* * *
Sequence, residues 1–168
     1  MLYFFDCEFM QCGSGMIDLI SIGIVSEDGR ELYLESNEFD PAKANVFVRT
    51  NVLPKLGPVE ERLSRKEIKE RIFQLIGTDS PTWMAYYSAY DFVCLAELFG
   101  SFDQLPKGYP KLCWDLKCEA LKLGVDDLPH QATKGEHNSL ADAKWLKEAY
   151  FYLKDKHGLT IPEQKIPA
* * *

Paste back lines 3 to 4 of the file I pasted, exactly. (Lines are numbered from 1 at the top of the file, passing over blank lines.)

    51  NVLPKLGPVE ERLSRKEIKE RIFQLIGTDS PTWMAYYSAY DFVCLAELFG
   101  SFDQLPKGYP KLCWDLKCEA LKLGVDDLPH QATKGEHNSL ADAKWLKEAY